In today’s Washington Post, Jason Horowitz profiles Michele and Marcus Bachmann, noting the couple’s extreme anti-gay views and links to “pray away the gay” therapy. Michele Bachmann — who came to prominence for sponsoring a constitutional amendment banning same-sex marriage in Minnesota — has called gay marriage “probably the biggest issue that will impact our state and our nation in the last, at least, 30 years” and described her lesbian step-sister as leading “a very sad life” that’s “part of Satan.”
Marcus Bachmann can be even more blunt. He compared homosexuals to “barbarians” who “need to be disciplined,” and in 2005 delivered a presentation during which he “introduced three people as ‘former homosexuals’ as proof that sexual orientation is a choice.” Bachmann’s Christian counseling clinics have also been rumored to perform “reparative therapy,” a charge he denies while reiterating the notion that gay and lesbian individuals choose to be attracted to people of the same sex. “[I]f someone comes in a homosexual and they want to stay homosexual, I don’t have a problem with that,” he said.
But Michele Bachmann has gone even further in endorsing the discredited ex-gay movement. In 2004, as ex-gay proponents “Love Won Out” prepared to hold their annual conference in Minneapolis, Minnesota for those “struggling with unwanted homosexuality,” Bachmann not only lent a quote for the group’s press release but also “opened the conference with a greeting and blessing.” From the release:
“We are so pleased that Minneapolis has invited us back to share again that change is possible for those who are no longer satisfied with their homosexuality,” said Mike Haley, host of the Love Won Out conference, a former homosexual and the author of the book 101 Frequently Asked Questions About Homosexuality. “In fact, we have been officially welcomed by Minnesota Sen. Michele Bachmann, the author of the state marriage-protection amendment.”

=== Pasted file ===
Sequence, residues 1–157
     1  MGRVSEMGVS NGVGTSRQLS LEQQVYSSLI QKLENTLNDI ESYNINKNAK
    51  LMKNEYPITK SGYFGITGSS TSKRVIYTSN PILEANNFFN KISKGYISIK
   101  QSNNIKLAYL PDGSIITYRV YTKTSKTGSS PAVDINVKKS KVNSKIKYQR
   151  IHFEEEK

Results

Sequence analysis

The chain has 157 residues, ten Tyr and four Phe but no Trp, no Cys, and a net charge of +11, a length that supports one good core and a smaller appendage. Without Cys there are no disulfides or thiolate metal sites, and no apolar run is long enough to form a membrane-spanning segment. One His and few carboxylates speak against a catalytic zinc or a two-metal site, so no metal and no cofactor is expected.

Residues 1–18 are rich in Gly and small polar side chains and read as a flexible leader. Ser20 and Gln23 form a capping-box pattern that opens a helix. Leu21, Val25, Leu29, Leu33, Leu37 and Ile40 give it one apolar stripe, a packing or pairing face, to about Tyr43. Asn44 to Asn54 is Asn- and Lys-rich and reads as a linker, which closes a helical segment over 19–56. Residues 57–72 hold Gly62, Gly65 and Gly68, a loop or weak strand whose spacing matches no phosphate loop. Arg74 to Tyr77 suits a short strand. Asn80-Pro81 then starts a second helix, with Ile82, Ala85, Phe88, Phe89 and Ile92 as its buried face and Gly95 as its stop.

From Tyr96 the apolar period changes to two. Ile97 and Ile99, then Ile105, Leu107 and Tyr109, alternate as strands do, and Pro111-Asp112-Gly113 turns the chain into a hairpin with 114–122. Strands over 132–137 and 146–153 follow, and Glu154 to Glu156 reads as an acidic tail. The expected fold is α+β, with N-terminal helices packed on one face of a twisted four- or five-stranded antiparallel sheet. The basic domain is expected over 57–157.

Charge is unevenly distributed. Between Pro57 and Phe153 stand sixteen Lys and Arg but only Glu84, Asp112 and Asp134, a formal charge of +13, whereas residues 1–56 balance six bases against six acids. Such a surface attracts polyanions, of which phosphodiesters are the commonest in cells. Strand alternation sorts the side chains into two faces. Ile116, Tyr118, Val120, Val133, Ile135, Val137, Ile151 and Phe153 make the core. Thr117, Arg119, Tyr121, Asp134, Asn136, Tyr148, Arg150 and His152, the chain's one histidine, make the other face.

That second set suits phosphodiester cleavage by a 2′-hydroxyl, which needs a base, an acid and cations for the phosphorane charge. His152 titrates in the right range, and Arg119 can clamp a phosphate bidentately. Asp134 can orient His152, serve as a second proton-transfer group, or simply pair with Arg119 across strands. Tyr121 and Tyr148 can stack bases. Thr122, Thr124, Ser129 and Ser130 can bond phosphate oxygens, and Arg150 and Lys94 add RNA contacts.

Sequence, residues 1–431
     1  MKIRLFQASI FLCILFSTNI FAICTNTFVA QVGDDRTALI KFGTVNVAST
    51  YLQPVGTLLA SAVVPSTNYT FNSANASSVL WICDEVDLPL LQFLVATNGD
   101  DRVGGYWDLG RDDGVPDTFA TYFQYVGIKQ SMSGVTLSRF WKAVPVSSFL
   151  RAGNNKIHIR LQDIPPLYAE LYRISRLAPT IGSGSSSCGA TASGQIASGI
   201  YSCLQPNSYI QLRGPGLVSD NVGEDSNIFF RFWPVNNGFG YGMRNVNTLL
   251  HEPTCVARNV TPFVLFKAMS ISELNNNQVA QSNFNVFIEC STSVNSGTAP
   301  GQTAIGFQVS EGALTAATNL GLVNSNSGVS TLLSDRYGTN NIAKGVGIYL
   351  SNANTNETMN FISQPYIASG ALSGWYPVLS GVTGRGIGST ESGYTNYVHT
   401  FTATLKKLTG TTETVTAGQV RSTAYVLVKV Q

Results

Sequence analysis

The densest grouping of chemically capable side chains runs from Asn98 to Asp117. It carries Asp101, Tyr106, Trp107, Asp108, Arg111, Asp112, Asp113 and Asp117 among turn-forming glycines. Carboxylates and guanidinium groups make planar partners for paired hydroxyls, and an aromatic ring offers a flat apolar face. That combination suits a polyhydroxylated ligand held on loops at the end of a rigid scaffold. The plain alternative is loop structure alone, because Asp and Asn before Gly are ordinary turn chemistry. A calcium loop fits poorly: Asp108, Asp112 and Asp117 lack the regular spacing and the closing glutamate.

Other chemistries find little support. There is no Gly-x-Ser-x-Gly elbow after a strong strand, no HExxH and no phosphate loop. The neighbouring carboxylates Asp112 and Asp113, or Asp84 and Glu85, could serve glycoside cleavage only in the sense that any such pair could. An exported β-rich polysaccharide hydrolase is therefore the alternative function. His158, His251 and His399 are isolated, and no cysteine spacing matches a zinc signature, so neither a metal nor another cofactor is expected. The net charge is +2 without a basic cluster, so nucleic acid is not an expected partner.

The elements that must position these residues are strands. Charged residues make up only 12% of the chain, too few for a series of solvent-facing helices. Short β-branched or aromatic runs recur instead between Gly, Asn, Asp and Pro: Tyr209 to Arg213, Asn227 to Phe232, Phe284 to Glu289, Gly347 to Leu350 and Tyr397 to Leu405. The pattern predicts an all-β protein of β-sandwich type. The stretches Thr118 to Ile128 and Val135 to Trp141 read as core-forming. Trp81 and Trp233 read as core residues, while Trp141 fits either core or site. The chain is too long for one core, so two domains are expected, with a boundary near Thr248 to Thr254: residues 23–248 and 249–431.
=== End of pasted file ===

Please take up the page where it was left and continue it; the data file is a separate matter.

Though her amendment was blocked in the Legislature, Bachmann remains committed to protecting marriage and looks forward to hearing about the causes of same-sex attraction.
“I know that Love Won Out will present the truth about homosexuality,” Bachmann said, “and present it in a compassionate and loving manner. Those of us working to safeguard marriage from redefinition by radical judges must inform our efforts with an understanding of the deep emotional wounds that many in the homosexual community carry. I look forward to welcoming Minnesotans and residents of surrounding states to hear the message of healing that is possible.”
The “truth” of Love Won Out and other ex-gay organizations has been discredited by professional medical organizations, who see reparative counseling as harmful to gay people. Both the American Psychological Association and American Psychiatric Association — among other groups — have ruled that efforts to change sexual orientation have no scientific credibility and can cause psychological harm to patients. As a recent revelations about Dr. George Rekers’ efforts to change the sexual orientation of a 7-year-old boy reveal, sometimes that therapy can lead to deadly consequences.